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John Hawkes: nobody likes him except me!

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Rhys
Posted on Friday, October 10, 2003 - 04:30 am:   

For the past two or three years I have being trying to share my enthusiasm for the novels of John Hawkes -- with absolutely no success!

I have nearly lost count of the number of times I have persuaded friends and strangers to read such books as THE LIME TWIG, TRAVESTY, THE BLOOD ORANGES, SECOND SKIN, etc, etc, only for those people to come back and say, "Why did you force me to read those? What the f--k were they all about???"

Am I alone? Am I the only person who likes John Hawkes?
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GabrielM
Posted on Friday, October 10, 2003 - 08:58 am:   

No, Patrick MacGrath likes him a lot. And I like MacGrath.

Actually I remember reading (many years ago) LIME TWIG and BEETLE LEG. One is something of a surrealistic mystery the other a surrealistic western. Unfortunately I can't remember which is which. I liked them well enough, although I suppose not enough to read more. But given your endorsement perhaps I should....
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Lucius
Posted on Friday, October 10, 2003 - 09:42 am:   

I like The Lime Twig quite a bit. Read it a long time ago, but thought it was excellent.
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Mike S
Posted on Friday, October 10, 2003 - 12:11 pm:   

Rhys, which book would you recommend for a first-time reader of Hawkes?
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ellen
Posted on Friday, October 10, 2003 - 08:17 pm:   

I loved Blood Oranges when I read it. I also read and like Travesty.
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Stepan Chapman
Posted on Thursday, September 30, 2004 - 05:24 am:   

I discovered John Hawkes this year and immediately plowed through four of his incredibly depressing but brilliantly poetic novels. If you've ever wondered how an American-born Samuel Beckett might write, check out John Hawkes.
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Rhys
Posted on Friday, October 01, 2004 - 02:25 am:   

Yes they are depressing but poetic. SECOND SKIN is especially depressing but poetic. What I haven't yet worked out is: does the lyricism lessen the bleakness in any way? Does it actually add to it? Or does it leave it alone?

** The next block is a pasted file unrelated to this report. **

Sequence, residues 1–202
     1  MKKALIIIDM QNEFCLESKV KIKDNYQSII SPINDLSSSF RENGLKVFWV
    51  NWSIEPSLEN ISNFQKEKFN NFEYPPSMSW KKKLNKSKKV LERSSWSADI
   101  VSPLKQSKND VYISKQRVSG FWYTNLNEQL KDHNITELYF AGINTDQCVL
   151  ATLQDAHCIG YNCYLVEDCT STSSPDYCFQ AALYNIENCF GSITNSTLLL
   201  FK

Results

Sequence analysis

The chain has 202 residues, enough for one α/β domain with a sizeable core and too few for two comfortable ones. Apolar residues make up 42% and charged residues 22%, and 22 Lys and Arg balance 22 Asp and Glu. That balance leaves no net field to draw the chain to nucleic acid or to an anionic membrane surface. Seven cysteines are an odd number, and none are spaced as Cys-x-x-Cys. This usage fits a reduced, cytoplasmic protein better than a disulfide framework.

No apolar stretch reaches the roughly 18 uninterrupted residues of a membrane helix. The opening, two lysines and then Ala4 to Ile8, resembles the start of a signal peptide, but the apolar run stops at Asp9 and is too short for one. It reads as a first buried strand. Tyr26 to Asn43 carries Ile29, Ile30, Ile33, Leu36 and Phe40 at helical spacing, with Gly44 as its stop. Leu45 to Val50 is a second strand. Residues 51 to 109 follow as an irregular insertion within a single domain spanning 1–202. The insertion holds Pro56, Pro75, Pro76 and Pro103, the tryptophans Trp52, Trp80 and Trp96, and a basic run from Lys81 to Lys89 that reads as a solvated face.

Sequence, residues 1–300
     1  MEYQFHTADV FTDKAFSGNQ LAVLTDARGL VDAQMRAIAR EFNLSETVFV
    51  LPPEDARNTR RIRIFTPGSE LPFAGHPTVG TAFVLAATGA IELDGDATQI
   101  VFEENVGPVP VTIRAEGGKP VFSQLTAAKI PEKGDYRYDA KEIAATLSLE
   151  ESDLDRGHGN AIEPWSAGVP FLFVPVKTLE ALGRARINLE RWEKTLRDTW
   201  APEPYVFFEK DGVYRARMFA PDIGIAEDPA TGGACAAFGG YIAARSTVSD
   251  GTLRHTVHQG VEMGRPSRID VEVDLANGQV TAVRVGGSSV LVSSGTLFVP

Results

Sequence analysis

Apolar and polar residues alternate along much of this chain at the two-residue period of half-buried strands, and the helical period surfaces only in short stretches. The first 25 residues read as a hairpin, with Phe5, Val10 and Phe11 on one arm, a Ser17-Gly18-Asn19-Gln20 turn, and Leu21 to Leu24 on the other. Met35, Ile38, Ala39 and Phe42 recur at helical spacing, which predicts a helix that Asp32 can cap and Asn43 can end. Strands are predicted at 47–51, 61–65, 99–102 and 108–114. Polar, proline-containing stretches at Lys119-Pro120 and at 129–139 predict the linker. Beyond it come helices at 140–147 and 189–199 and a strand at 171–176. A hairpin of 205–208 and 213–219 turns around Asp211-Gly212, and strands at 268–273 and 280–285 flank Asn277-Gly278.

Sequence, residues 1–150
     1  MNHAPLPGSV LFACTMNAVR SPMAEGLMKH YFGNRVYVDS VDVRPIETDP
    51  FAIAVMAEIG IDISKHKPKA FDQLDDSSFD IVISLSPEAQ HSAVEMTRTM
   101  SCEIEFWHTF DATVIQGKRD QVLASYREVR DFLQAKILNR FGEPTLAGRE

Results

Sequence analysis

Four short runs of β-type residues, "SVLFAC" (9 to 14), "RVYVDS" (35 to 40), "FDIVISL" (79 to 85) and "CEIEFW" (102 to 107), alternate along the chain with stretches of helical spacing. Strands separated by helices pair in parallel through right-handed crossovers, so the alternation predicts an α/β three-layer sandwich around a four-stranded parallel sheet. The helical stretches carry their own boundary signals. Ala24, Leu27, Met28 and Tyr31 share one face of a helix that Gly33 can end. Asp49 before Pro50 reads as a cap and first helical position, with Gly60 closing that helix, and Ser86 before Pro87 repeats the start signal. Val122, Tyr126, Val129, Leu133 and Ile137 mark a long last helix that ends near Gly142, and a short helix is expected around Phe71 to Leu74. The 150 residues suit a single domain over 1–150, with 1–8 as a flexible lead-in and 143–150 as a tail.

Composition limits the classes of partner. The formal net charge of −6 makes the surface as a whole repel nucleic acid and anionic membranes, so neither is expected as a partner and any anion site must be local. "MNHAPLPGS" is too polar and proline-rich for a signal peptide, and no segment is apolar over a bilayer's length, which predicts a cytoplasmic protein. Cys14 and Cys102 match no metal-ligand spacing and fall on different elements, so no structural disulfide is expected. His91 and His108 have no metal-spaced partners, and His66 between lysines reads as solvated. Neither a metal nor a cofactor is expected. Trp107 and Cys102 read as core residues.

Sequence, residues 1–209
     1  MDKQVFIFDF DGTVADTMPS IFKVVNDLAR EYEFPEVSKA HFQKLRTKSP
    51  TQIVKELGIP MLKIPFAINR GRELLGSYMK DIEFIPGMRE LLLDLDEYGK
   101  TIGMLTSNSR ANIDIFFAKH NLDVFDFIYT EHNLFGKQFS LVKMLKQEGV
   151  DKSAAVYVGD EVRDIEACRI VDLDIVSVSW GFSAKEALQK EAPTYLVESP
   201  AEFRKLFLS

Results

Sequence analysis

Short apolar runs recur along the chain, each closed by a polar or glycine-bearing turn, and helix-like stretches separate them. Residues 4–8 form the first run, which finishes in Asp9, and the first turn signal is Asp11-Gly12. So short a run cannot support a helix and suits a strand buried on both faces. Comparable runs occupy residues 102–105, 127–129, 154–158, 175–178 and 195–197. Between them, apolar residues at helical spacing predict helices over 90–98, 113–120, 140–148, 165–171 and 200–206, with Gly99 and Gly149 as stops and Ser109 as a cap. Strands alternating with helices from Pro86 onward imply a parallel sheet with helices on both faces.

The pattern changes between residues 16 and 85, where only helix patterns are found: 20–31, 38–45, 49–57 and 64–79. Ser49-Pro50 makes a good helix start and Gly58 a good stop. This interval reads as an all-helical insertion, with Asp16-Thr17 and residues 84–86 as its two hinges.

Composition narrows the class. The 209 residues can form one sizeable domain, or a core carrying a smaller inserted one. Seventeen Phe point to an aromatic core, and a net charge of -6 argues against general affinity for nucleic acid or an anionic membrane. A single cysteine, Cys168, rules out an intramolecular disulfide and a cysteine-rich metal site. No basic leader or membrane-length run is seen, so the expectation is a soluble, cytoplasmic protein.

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literature
Posted on Friday, October 08, 2004 - 06:46 am:   

One who can't tell what literature really is, can never enjoy reading J. Hawkes. His exceptionally innovative writing style, which, I admit, is very implicit and complex, made most readers think that he wrote nonsense. However, to appreciate reading J.Hawkes, one should first be very demanding towards literary works. I, personnally, not only find an enomous pleasure in reading his great novels, but I also feel such an admiration for his writring that I'm preparing a Ph.D on his fiction through a psychoanalytical approach.
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literature
Posted on Friday, October 08, 2004 - 06:48 am:   

One who can't tell what literature really is, can never enjoy reading J. Hawkes. His exceptionally innovative writing style, which, I admit, is very implicit and complex, made most readers think that he wrote nonsense. However, to appreciate reading J.Hawkes, one should first be very demanding towards literary works. I, personnally, not only find an enormous pleasure in reading his great novels, but I also feel such an admiration for his writring that I'm preparing a Ph.D on his fiction through a psychoanalytical approach.

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